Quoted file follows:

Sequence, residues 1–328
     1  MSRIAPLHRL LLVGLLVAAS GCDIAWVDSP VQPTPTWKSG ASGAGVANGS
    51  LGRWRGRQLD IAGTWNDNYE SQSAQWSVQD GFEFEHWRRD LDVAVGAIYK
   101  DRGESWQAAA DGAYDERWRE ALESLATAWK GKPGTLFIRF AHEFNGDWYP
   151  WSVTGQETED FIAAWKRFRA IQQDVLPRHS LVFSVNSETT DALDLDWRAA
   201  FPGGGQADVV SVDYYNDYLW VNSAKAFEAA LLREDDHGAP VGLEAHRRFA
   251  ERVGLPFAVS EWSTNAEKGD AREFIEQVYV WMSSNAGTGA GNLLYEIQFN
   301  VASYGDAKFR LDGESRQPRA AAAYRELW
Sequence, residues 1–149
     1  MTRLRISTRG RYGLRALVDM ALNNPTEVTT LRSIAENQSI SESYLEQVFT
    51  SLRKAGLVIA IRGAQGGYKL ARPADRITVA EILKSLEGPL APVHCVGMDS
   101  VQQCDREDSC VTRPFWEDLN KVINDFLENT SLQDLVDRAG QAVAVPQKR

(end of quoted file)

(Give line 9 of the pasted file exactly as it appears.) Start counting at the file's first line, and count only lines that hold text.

Sequence, residues 1–149